IPTV/VoD: Cutting off the air supply
Just how juicy is Joost?
Content, content, content...
However, there are two massive stumbling blocks before Joost enslaves the masses. The first is simple – the success of a TV service of any content depends on what's on TV, i.e. the content.
Technology is irrelevant as content drives demand. Without demand, there is no incentive to develop technology. Technologists who employ the "build it and they will come" mentality are always surprised when they don't, because there's nothing on you want to watch. You can stare at Joost in nerd-wonder for hours, but after 20 minutes you are going to switch it off because you are bored.
Much more importantly, it will bring the ISPs' war directly to the content owning communities door. Clearly traffic of that size will not work with BT's capacity-based charging approach or ISP download capping. The UK system is hilariously backward and conservative when it comes to enabling the development of advanced added-value services like TV. A movie is going to cost you half your 1GB monthly download cap, if the stream comes in reliably in the first place without being victim to bottlenecking and/or contention.
The problem is that a battle between the two sides has been brewing over time and got worse with the advent of bandwidth that allows us to easily download video. Someone has to pay the bill for it, and in a market that is continually driving down prices to compete (i.e. reducing margins) and suffering higher costs, something eventually has to give. The situation as it stands today is rosy for content owners, such as movie studios and broadcasters. They get to distribute their products essentially for free over the internet. They may have a data centre bandwidth bill and traditional overheads (e.g. marketing, CRM, payment processing etc), but they don't have to pay for the pipes.
That means an ISP pays, because they provide the connection into a subscriber's home. They lease backhaul capacity from international transit providers and BT at a cost per Mbit, and the bill just keeps getting bigger as they are forced to buy bigger and bigger pipes for their customers, who want to download video and will go elsewhere if it's too slow or too expensive. You don't need to be a genius to see how it's going to end.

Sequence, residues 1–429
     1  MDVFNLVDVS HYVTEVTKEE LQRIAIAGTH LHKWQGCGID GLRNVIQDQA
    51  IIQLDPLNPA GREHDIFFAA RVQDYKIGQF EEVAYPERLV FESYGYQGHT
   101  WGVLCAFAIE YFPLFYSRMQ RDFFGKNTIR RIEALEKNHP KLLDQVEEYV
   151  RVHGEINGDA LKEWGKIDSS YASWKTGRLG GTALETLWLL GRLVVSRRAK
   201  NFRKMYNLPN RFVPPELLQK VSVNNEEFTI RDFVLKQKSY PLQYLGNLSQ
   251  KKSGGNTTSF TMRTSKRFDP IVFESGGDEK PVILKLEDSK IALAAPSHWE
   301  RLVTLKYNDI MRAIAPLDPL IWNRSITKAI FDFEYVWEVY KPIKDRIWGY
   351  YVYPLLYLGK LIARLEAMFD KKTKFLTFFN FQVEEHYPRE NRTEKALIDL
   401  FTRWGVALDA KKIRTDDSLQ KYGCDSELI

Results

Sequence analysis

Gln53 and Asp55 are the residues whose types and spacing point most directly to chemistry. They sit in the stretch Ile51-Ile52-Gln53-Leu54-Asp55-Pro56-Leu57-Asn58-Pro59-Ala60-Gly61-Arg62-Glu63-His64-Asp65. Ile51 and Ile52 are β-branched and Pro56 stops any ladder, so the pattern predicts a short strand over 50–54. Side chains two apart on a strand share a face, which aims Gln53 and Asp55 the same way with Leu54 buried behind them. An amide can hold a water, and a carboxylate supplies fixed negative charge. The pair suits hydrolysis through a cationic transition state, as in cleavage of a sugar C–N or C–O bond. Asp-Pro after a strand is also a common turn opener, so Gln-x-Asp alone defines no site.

The first steps have been taken in the form of traffic shaping, where heavy P2P users are being warned and kicked off networks. They will bounce around providers until they get fed up, and the ISP mindset is that as long as it's someone else's problem they aren't going to work out a way to accommodate them and welcome them back. But what to do about live streams, download services, and heavy web services?
There doesn't seem to be an acceptable answer so far, but an emerging strategy is looming on the horizon that recovers backhaul costs, doesn't need localisation and preserves download caps. Ultimately, the only way many companies can see working is a class action against content owners to block TV/video/P2P traffic to and from their data centres and websites. The content owner will then have to pay the ISP a quarterly/yearly access fee for the traffic to be connected, and doing so will mean it will flow freely to a subscriber and not be counted against their download cap/traffic allocation.
Yes, it's evil capitalism at its finest hour. These ex-academic hippies who created the internet are fed up with squeezing the last drop out of their infrastructure and will be asking us to accept that the internet was not designed to handle video, and as a consequence we will need to pay to access premium services. The chances are that content owners will also pass on their access fees to ordinary consumers in subscription or direct price increases.
You really have a death wish if you want to be a UK broadband provider. The sheer number of companies going into administration, sales and acquisitions, mergers, consolidations and crazy "free" offers makes it quite clear that the bloodbath is reaching a pretty horrid market conclusion. You can't offer "free" services when your costs are so high. The competition for subscribers is so insane that only the bravest, and arguably, suicidal businesspeople pour money down the black hole of active customer acquisition. The big five are set to dominate, as they are the only ones with the stomachs and wallets for the fight.
Sponsored: Beyond the Data Frontier